Leadership Under the Gun: What the Alec Baldwin Situation Teaches Us About What It Really Means to Be a Leader
A routine day on a movie set in New Mexico turned to tragedy in an instant. Here’s what this incident, and specifically the star’s reaction to it, tells us about how not to perform as a leader in a time of crisis.
Alec Baldwin. Unless you’ve been living under a rock (without WiFi) for the past few weeks, you certainly know the story. On October 21st, the actor was filming a scene in New Mexico for a Western movie. “Rust," that he was not only starring in, but producing as well. He was practicing a scene inside a rustic church, holding a gun that had been checked for safety by the independent film’s armorer, Hannah Gutierrez-Reed. Somehow, the gun discharged a live bullet - a bullet that was not supposed to even be on the movie set. The bullet struck and killed acclaimed cinematographer, Halyna Hutchins, and wounded the film’s director, Joel Souza.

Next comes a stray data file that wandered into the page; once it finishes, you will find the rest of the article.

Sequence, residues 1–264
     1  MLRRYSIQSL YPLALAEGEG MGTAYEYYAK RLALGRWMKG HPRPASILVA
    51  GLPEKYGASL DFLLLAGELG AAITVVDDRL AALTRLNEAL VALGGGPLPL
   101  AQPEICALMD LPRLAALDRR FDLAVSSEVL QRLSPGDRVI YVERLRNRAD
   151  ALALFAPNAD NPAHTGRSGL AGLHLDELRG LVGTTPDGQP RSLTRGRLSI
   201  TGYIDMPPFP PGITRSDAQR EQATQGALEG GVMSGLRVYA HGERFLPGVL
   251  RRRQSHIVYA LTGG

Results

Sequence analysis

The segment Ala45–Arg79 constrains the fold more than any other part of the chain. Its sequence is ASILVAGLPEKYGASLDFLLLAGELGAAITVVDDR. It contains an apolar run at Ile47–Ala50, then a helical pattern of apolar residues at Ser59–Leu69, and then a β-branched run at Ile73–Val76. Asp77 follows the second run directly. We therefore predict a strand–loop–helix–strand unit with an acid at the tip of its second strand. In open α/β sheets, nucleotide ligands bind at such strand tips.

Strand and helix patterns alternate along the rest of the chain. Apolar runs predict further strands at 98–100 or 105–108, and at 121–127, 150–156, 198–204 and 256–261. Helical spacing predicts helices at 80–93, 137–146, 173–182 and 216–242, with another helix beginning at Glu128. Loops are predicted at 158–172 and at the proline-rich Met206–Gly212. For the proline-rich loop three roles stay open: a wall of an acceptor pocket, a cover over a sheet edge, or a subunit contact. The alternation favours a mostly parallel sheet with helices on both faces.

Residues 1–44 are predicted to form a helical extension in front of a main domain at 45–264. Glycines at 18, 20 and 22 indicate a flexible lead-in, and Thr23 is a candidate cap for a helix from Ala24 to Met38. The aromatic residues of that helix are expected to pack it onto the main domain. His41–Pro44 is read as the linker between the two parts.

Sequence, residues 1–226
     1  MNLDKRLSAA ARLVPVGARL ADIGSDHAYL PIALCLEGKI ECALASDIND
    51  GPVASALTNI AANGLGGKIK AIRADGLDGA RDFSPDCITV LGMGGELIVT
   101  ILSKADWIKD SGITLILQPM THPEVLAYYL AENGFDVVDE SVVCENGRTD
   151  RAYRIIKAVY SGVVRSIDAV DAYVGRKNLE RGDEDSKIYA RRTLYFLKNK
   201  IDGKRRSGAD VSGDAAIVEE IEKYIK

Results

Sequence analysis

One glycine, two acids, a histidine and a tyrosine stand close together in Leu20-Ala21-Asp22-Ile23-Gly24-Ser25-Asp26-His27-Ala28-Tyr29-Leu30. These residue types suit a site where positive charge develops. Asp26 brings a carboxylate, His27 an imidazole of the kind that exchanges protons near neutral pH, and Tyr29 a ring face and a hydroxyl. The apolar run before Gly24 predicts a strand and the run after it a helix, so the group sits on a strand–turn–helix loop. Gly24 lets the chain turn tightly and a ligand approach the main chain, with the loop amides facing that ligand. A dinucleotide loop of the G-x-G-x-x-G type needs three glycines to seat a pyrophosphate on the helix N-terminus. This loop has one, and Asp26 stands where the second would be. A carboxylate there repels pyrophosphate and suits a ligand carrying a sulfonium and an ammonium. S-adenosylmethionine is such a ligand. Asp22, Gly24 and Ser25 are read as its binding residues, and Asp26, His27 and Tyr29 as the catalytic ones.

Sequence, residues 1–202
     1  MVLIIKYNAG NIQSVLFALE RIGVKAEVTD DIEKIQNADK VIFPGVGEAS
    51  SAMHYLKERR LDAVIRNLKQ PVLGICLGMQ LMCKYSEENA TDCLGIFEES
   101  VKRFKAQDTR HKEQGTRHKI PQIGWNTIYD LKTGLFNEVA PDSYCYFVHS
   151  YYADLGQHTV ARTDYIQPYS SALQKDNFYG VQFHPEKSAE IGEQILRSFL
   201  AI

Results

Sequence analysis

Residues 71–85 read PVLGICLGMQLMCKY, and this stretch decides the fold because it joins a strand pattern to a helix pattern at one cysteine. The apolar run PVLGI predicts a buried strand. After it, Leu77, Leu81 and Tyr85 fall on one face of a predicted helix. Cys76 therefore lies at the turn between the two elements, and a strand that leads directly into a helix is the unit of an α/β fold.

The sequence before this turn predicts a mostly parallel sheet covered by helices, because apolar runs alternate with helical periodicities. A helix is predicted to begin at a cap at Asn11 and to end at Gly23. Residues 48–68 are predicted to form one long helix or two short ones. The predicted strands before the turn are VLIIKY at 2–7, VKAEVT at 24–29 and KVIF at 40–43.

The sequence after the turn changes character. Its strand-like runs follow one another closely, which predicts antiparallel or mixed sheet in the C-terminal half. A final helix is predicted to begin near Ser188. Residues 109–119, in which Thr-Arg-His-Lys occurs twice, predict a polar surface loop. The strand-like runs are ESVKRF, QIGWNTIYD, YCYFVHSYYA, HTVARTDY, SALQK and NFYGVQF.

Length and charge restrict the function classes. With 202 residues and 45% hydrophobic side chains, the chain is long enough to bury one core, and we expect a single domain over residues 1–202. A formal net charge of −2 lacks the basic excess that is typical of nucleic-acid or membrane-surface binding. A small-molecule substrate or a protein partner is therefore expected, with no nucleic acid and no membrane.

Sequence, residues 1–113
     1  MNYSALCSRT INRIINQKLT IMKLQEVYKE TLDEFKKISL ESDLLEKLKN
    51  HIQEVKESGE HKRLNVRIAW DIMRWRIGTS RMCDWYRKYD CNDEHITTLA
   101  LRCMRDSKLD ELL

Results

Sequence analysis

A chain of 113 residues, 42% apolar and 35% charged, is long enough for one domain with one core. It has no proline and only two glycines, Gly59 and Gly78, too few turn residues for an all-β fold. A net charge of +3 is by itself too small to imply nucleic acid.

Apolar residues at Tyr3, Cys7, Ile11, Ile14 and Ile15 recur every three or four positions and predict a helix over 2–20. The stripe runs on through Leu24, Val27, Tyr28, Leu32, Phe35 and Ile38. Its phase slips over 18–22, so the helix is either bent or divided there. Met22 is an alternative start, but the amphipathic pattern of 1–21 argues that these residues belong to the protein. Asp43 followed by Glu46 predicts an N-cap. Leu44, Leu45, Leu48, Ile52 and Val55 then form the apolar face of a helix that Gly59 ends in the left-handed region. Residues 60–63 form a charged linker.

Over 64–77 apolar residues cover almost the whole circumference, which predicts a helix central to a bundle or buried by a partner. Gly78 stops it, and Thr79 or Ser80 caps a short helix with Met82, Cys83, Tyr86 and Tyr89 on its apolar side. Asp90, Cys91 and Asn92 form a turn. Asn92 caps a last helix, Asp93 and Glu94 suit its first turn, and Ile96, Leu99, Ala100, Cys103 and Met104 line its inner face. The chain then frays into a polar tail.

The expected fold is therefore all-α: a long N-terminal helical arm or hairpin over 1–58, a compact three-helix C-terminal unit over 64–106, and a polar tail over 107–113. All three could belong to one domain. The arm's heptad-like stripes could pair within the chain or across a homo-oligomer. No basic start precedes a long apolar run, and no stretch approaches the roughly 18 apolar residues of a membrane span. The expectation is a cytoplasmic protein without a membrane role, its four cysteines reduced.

There was no question that Baldwin was the one holding the gun and that it was raised and pointed at that instant at the cinematographer, who was working at getting the camera angle “right” in the instant that the fatal shot was fired. And while today the local authorities in New Mexico are continuing their investigation into what exactly happened and if anyone, including Baldwin, might face criminal charges, already at least two civil suits have been filed against the actor and his production company in the incident.
As a strategic management professor and consultant, my interest in this story is not in the vein of the coverage we still continuously see on the incident not just from outlets like TMZ and People, but from news networks like CNN and MSNBC, which has lead to intense criticism of these news outlets on social media: